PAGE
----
Eva Clifford is a writer and photographer from the UK, currently based in London. After graduating from Roehampton University with a degree in English Literature, Eva spent a year in Shanghai working primarily as a writer. Eva also spent time in Laos volunteering for a sustainable development project. Later, Eva went on to do an MA in Photojournalism & Documentary Photography from the London College of Communication and is now working on a project about female de-miners in Nagorno-Karabakh.
Early in your travels, you spent time volunteering in Laos. Any advice for first-timers volunteering abroad?
Do your research in advance and find out as much as you can about the organization you’re volunteering with. For teaching positions, it’s always better to have a volunteer who can commit to a month or longer, so think about how serious you are about volunteering and what skills you can offer. Travel insurance is also important. In Laos, I got really unwell and had to cross the border into Thailand to get proper medical treatment. At the time I wasn’t insured, so I now make sure to get proper medical insurance every time I travel.
As a freelance journalist, how do you pick your projects? Do you try to focus on particular issues?
I’m interested in projects that challenge people’s perceptions about particular topics, and stories that aren’t often spotlighted in the news. The internet and books are my main sources for finding stories. In 2016, I did a project about a group of blind women and girls taking ballet as a form of therapy in Mexico. I’m still not sure how I came across that story, but I’m glad I did!
Do you use fixers? If so, how do you find them?
I’d never used a fixer before Nagorno-Karabakh, but because of the challenges in the region, I emailed a couple of journalists who had worked in NK before for advice. I was given the contact of a local Yerevan fixer who I made arrangements with to collect me from the airport, drive me to the bus terminal and make sure I was on the right bus. This wasn’t totally necessary, but made me feel better about arriving in an unfamiliar place in the middle of the night.
Are you a member of any journalist organisations that promote freelancer safety?
I’m a member of the NUJ (National Union of Journalists).
Do you have any safety training?
I took a one-day emergency first aid training course with Remote Trauma back in August 2017. I think it’s important for everyone to know at least basic first aid.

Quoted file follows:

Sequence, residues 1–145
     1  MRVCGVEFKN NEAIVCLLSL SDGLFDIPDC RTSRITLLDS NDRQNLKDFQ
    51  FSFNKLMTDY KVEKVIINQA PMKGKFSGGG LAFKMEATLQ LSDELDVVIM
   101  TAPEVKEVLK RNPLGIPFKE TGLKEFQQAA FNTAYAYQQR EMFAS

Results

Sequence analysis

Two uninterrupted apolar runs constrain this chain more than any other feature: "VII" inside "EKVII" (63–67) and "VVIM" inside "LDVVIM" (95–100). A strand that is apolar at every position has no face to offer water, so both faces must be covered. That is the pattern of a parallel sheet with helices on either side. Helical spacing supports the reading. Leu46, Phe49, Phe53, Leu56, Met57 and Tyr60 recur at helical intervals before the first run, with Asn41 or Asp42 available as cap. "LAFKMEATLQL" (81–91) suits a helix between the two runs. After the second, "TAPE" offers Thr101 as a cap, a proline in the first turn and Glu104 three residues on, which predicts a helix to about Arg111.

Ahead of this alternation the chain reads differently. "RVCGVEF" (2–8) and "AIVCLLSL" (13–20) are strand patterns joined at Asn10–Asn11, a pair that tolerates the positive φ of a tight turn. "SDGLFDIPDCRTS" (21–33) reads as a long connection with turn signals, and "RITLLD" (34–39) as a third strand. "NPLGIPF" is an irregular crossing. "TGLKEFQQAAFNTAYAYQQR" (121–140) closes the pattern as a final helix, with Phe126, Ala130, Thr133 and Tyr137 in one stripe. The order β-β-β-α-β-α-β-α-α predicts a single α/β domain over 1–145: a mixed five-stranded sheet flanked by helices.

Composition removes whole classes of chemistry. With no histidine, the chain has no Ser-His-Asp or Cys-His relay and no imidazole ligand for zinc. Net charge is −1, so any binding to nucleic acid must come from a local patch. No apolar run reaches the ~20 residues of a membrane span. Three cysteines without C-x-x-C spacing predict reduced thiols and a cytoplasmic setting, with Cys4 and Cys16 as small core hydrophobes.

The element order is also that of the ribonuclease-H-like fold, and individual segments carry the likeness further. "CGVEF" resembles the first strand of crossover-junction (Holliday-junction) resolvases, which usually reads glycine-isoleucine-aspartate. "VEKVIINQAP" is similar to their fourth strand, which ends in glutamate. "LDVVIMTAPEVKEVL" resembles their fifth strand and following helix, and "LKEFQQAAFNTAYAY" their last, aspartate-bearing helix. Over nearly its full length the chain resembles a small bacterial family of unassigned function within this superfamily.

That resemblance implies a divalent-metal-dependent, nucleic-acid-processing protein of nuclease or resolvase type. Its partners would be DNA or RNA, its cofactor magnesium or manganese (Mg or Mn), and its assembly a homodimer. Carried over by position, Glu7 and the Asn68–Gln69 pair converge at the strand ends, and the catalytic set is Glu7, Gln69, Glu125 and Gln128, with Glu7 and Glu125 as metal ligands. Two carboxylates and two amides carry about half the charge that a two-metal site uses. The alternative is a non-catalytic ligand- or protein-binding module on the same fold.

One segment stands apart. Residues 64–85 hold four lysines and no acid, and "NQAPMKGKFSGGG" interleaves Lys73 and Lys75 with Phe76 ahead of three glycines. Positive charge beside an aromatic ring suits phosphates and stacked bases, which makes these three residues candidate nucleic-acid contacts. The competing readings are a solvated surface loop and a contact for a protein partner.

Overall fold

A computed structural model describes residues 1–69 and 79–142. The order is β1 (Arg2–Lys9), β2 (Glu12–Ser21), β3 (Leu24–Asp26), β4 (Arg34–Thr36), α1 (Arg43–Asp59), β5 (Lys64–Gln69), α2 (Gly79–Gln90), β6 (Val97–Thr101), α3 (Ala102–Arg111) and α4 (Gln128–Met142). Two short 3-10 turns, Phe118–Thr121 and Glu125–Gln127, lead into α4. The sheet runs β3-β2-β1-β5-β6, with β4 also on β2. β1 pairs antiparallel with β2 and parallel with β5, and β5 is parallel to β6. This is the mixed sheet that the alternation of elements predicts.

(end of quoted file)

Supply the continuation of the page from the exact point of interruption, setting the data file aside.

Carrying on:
You’ve just returned from covering a de-mining project in Nagorno-Karabakh. Please tell us about the project.
This project is about the landmine clearance work of the Halo Trust in Nagorno-Karabakh. NK, a landlocked and mountainous region in the South Caucasus, is regarded as one of the most heavily mined regions of the former Soviet Union. Mines were laid during the Nagorno-Karabakh War between 1991 and 1994 by both Azerbaijani and Armenian forces. I’m focusing on female de-miners as generally people don’t imagine women doing this kind of work. I shot the images using a medium-format camera, which was a challenge in itself – especially while wearing a visor (part of the safety gear provided by The Halo Trust).
Laos to NK
How did you find out about the project?
Ever since returning from Laos, I’ve been interested in this subject. I think part of the reason is that so often we hear about wars in the news, but rarely do we hear about the aftermath and how communities recover. I found out about the Halo Trust as I was researching and originally planned to go back to Laos to document Halo’s work there, but NK was a little closer to home.
What are some of the challenges of working in a remote area that is also a disupted territory?
I’m used to travelling alone in remote areas so that wasn’t a problem for me, but I’ve never been to the Caucasus before, or a disputed territory. The main challenge for me was getting there. There are just two main roads into NK – one in the north and another in the south – and the journey takes around 7 hours by bus from Yerevan.
NK is internationally recognized as part of Azerbaijan, but most of the region is governed by the Republic of Artsakh, a de-facto independent state with Armenian ethnic majority. The fighting is contained to the line of contact, a militarized area formed after the May 1994 ceasefire that ended the Nagorno-Karabakh War (1988-94). There is a sense of uncertainty because it is a frozen conflict, but other than the heavy presence of soldiers in the streets it felt peaceful in NK.
How did you communicate with people? Get around?
Before coming to NK, I taught myself how to read and write Russian. This didn’t help me communicate at all, but I could read road signs and maps, etc. (Russian is spoken almost everywhere in NK because of it being a former part of the Soviet Union). Communicating with people was a struggle when I was alone, because English is not so widely spoken and I don’t speak any Armenian. However, for most of my stay I was with The Halo Trust and there was always someone at hand to translate.
Any tips for young people interested in freelance journalism?
Carry on telling the stories you’re interested in. Even if it seems impossible, there’s always a way to make it work.